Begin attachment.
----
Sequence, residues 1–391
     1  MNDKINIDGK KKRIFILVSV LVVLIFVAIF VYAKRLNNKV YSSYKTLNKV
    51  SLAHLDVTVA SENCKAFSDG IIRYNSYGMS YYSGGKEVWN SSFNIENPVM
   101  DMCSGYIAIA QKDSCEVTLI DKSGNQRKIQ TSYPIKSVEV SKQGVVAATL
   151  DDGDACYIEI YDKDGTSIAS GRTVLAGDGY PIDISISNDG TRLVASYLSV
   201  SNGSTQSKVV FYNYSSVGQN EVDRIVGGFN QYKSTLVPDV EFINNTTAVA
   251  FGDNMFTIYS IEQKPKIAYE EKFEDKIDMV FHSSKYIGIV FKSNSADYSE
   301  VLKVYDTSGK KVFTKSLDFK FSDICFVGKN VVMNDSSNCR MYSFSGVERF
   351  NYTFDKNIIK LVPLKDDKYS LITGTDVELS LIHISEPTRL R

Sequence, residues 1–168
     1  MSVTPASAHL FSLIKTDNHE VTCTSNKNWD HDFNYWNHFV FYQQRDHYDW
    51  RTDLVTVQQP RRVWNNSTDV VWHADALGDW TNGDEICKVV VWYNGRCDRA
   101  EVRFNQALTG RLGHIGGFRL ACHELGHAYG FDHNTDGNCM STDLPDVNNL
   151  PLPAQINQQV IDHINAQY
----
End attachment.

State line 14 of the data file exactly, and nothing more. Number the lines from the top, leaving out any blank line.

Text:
   151  PLPAQINQQV IDHINAQY